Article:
Crowdsourcing vision

When I heard about Mayor Greg Fischer’s “Vision Louisville” project, I was a little skeptical. The online drawing board (at seeks creative ideas from citizens to help plan the city’s next 25 years.

In last week’s LEO, my exceedingly non-surly colleague Steve Shaw weighed in on the out-of-town consultants’ vision for Louisville, but I’m intrigued by the public input part of the project, which has infinite comic potential. For all its virtues, democracy has brought us 50 million cat videos and Mitch McConnell, so people-power’s track record is not really all that great. And by some apparent rule of the Internet, people who comment online are obviously required to be certifiably insane. To paraphrase Groucho Marx, I would not offer my vision to any city that would listen to ideas from me.

But I am nothing if not a team player, so I rolled up my sleeves and came up with some ideas to help the mayor out. Right off the bat, I had a great idea: Move Louisville to northern Europe.

Another idea I came up with is a local exchange program: People who live in the East End, West End and South End trade places for a month, and antics, as well as cultural enlightenment, ensue. An ancillary idea is “JCPS Roulette” — each morning, kids all over town would spin the wheel to find out where they’d go to school that day. Because every child might have to go to any school, adults would work hard to make sure all schools were equally good.

But maybe those ideas are impractical. Here’s an idea that could have an immediate impact: Louisville could build a time machine and take a recent issue of The Courier-Journal back to 1986 and use it to convince the Binghams not to sell the paper to Gannett. (While we’re there, we could also give Dana Kirk a wedgie.)

My other ideas were equally awesome. I also proposed: a big rock candy mountain, cigarettes that don’t cause cancer, non-addictive heroin and farts that smell like popcorn. Oh, and a world where the leopard can lie down with the goat, and cheese and yoga pants are no longer enemies. After that, my ideas started to become a bit self-serving, such as “Buy A Columnist A Cookie Day.”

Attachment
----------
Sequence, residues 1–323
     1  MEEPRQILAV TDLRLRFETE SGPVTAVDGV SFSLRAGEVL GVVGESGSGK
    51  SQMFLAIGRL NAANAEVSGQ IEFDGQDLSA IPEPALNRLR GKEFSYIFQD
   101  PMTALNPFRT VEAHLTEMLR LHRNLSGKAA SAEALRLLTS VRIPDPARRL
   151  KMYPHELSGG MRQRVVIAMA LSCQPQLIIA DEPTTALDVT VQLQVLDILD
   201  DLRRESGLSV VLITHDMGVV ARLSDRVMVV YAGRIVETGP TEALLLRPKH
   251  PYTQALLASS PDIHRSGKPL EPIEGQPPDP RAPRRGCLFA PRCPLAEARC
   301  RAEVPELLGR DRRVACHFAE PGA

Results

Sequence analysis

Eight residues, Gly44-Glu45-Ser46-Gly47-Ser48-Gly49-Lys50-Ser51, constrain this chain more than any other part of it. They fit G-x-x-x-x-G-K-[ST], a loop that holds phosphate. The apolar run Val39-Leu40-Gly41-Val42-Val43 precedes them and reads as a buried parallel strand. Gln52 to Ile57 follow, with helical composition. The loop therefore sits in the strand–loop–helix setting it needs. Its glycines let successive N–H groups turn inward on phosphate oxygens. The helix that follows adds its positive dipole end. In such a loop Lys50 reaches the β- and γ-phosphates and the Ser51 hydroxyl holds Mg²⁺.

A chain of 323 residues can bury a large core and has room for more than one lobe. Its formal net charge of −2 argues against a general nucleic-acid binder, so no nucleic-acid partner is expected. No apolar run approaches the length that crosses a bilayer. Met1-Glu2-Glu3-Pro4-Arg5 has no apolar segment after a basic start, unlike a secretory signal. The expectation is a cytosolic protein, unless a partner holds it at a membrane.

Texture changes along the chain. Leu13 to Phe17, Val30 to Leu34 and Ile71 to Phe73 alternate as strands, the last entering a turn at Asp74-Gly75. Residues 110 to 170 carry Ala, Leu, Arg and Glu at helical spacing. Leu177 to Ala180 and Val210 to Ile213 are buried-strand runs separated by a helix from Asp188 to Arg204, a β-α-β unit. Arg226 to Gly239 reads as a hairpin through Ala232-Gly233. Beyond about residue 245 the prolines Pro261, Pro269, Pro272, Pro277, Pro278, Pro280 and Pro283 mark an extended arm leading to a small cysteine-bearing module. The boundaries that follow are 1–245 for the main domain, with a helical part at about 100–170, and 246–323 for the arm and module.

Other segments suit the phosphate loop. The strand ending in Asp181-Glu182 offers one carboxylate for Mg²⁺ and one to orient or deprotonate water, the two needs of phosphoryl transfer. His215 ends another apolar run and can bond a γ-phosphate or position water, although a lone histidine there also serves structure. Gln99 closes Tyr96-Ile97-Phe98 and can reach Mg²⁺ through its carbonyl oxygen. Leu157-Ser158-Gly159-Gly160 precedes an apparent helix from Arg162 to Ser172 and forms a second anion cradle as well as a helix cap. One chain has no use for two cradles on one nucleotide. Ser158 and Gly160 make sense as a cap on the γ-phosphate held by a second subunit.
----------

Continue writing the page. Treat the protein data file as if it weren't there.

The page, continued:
Pretty soon it dawned on me that coming up with a vision is hard, and a better use of my time would be to make fun of other people’s visions. So I googled up the Vision Louisville site and scrolled through the suggestions, expecting to have a gigglefest. But to my chagrin, the ideas there were surprisingly good.

Some of them were good ideas that aren’t new, like implementing light rail, improving TARC bus service, adding a downtown grocery, planting more trees, reducing pollution, adding more bike lanes and eighty-sixing 64. Even though those are not new ideas, it’s good to see they have widespread support.

Other ideas were new but not good, such as “Make all of Jefferson County clothing-optional.” Clearly, this proposal was made by someone who is vision impaired. Seriously, we’re hard enough to look at with our clothes on. There are some other chuckle-worthy proposals, including, “Let’s all go over to the Indiana end of the Big Four Bridge and scowl at Jeffersonville with crossed arms until they finish their end of the project.”

But there are some interesting ideas that deserve serious attention. Someone suggested merging the Idea Festival and Forecastle to create a Louisville version of Austin’s South by Southwest. Another creative suggestion was to build a cable-car ride over the Ohio River between the downtown museums and the Falls of the Ohio State Park. Other ideas included growing crops in highway medians instead of mowing grass there, and providing financial incentives for people who go car-free or implement alternative energy in their homes. Lots of people want Google Fiber, which has been successful in drawing high-tech firms and people who enjoy pornography to Kansas City. And those are just the tip of the iceberg.

Whether or not the Vision Louisville ideas gain traction, the project is an interesting experiment in city planning. It’s a thought-provoking, if unscientific, glimpse into what other people want for Louisville. It also makes me appreciate the challenges of guiding our city into the future, and in coming up with smart planning that isn’t too expensive, too unwieldy, too controversial or too clothing-optional to work. Plus, it gives us all something to do between cat videos.